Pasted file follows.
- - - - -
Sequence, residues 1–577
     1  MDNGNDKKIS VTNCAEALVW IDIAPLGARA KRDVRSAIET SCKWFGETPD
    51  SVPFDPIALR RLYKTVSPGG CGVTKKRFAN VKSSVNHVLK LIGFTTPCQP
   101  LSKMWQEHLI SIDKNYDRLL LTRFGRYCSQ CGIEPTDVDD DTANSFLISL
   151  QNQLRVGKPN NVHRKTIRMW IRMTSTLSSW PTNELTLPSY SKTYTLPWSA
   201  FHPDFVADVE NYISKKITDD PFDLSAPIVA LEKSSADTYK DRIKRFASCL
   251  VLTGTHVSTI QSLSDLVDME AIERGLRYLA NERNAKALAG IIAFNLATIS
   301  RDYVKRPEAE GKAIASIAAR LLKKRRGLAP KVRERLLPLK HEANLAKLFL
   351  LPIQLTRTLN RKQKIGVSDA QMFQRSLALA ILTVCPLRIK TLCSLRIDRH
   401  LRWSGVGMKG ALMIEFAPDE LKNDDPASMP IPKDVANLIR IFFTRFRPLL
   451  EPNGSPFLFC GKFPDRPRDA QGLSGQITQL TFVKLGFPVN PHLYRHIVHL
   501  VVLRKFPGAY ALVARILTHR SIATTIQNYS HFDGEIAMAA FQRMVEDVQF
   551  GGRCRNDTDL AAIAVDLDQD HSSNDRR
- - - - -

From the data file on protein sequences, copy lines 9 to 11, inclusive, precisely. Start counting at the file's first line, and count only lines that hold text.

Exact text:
   351  LPIQLTRTLN RKQKIGVSDA QMFQRSLALA ILTVCPLRIK TLCSLRIDRH
   401  LRWSGVGMKG ALMIEFAPDE LKNDDPASMP IPKDVANLIR IFFTRFRPLL
   451  EPNGSPFLFC GKFPDRPRDA QGLSGQITQL TFVKLGFPVN PHLYRHIVHL